I’m a huge fan of unit testing… its my safety net, allowing me to make changes to an application without fear that I’ve broken core functionality. With my favorite web development framework, ASP.NET, its been very difficult to build unit tests for the server-side code that you write for the Web Forms UI framework.
I decided to do some research and start doing something about that.
I recently got an email from a friend looking for some help with a NuGet package installation issue. It seems that with the Visual Studio 2015 version of NuGet, the wrong version of dependencies the package author is getting installed. This is related to a policy decision about NuGet to make it’s default behavior more conservative about which versions of packages it would install. In this post, we’ll walk through troubleshooting this package and discuss what the author can do to improve their consumers experience as well as how the package consumer can use NuGet to install the dependency versions they want. Continue reading
In October, I gave a presentation to the .NET DC User Group on the night before Marty McFly was due to arrive in 2015 according to the movie Back to the Future Part 2. This was a great opportunity for me to put together a simple demo that I could run with ASP.NET 5 and show something easy to digest. In this case, I put together an HTML version of the time circuits from Doc’s Delorean time machine.
That’s easy… a set of date displays on a grey background. I broke out a copy of Visual Studio 2015 and set to work making one row work in CSS and HTML. Continue reading
Every day you see it: a new company that has been hacked… all of their customer accounts are sprayed across the dark side of the internet. Some account records contain passwords, some contain credit card numbers, and even a few will carry checking account numbers. Its a devastating event for any company, and one that will cost some organizations their business life.
With these high-profile incidents in the news, it has finally come to the attention of the suits in the C-suite that they need to make security a priority. Stop at nothing, do not let hackers get into their systems. No unauthorized access to ANYTHING! This is a great stance, in theory… but some directions can be taken too far, and policies set on things that really have no purpose in being protected with ‘federal government grade security’
In continuing to explore and document the cool new features of ASP.NET 5 and MVC 6, I stumbled across an interesting question from my friend Josh on Slack: how do I customize the razor view engine in ASP.NET 5 so that I can rename that Shared folder to _Shared? I knew I had seen this feature somewhere before and started digging.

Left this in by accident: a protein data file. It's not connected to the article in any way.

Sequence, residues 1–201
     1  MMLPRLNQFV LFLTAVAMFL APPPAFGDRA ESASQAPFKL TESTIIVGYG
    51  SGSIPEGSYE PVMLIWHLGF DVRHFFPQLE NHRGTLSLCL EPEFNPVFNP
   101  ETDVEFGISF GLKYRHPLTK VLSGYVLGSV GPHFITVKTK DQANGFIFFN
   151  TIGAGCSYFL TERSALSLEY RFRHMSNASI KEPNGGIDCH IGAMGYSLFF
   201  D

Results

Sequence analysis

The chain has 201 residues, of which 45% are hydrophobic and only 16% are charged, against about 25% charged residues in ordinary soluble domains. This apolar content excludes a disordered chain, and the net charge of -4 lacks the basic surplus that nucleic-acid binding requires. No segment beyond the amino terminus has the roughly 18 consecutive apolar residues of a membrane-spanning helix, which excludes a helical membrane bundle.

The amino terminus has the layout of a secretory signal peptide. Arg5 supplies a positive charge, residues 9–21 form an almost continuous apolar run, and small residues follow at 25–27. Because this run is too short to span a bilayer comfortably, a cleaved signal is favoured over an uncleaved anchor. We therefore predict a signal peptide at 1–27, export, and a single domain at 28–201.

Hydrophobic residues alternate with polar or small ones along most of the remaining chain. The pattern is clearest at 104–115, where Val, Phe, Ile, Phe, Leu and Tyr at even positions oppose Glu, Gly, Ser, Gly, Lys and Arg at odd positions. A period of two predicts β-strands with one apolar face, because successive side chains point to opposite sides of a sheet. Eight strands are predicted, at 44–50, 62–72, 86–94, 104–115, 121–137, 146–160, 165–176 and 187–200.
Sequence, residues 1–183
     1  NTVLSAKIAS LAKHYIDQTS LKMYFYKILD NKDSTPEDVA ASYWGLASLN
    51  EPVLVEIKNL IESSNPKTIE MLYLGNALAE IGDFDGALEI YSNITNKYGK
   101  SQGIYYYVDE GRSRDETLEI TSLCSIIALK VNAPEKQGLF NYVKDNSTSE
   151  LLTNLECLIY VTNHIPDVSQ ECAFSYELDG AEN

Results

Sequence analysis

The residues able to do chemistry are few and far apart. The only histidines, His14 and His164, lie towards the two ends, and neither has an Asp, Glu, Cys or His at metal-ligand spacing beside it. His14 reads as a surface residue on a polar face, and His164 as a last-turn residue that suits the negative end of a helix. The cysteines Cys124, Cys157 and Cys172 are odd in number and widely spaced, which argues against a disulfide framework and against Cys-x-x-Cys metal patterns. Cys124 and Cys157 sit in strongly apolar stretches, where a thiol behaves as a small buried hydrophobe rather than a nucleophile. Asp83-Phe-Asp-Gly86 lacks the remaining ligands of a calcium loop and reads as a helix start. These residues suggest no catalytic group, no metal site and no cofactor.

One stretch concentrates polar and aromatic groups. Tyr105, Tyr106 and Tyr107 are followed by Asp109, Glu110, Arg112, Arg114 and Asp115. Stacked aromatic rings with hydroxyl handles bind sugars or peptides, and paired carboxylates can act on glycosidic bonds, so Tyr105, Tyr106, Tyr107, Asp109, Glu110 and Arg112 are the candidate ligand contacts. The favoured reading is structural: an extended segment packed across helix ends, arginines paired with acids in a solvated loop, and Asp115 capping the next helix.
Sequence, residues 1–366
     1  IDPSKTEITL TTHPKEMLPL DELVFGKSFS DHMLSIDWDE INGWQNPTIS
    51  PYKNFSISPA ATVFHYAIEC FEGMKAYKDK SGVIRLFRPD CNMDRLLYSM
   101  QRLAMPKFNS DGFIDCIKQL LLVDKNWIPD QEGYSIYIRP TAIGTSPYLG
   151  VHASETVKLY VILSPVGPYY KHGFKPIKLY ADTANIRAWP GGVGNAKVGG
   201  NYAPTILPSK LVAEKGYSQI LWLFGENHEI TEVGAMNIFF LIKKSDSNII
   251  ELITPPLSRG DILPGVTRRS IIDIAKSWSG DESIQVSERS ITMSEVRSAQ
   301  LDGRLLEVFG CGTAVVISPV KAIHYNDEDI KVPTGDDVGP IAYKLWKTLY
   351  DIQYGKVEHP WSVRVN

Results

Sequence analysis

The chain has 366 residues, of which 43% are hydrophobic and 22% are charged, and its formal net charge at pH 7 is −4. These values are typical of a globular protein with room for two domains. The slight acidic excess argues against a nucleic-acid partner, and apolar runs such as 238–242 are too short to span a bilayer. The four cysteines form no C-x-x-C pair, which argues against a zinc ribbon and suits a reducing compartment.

MVC 6 Solution Explorer
The reasoning behind this change is quite simple, and one that I’m ashamed wasn’t implemented in the default templates: Shared is a “magic folder” that all Views in an MVC project can reference contents out of. As such, it should have special placement or be easy to find in the solution explorer. The simple solution is to prefix Shared with an underscore so that it is always at the top of the folder list. Brilliant!
In previous versions of ASP.NET MVC, we could subclass the RazorViewEngine to make it do tricky things with determining where and how to find and implement view files. Fun, but that’s just too complicated for just wanting to rename a folder. I want to find a simple configuration option that I can set to update the behavior of the view engine.
Introducing the IViewLocationExpander
In MVC 6, there is a new interface available called IViewLocationExpander that contains two methods to help define how the Razor view engine will locate and cache the view files that it finds. There are two methods in this interface that are trivial to implement:
- PopulateValues – this method is passed the context of the current view location when a view is requested. You can modify the context or add values appropriately to indicate if there is a change since the last time the view was requested.
- ExpandViewLocations – this method is called when the RazorViewEngine wants to determine the list of potential locations for a view. The second argument on this method is the list of current paths that will be searched for views.
That’s all I need to make my quick swap / rename of the Shared folder. I wrote a simple class to do this remapping for me:
That’s a very standardLinq select statement to do a string replace. The code to add this to our ASP.NET pipeline is easy, andcan be done with some dependency injection trickery in the Startup.ConfigureServices class:
Sweet… now MVC will look in all of the standard locations, and because I added this ViewLocationExpander to the collection it will update the existing view locations without disturbing them. I could have cleared and added just this one Expander with a whole different set of locations to search, but that would be a bit of overkill for this problem I wanted to solve.
A simple rename of a magic folder can be accomplished by adding configuration to MVC. Not bad, and something that was handled with a new configuration option in the ASP.NET pipeline. Big thanks to Imran Baloch whose blog post on ViewLocationExpanders answered some of my questions about how to implement this feature.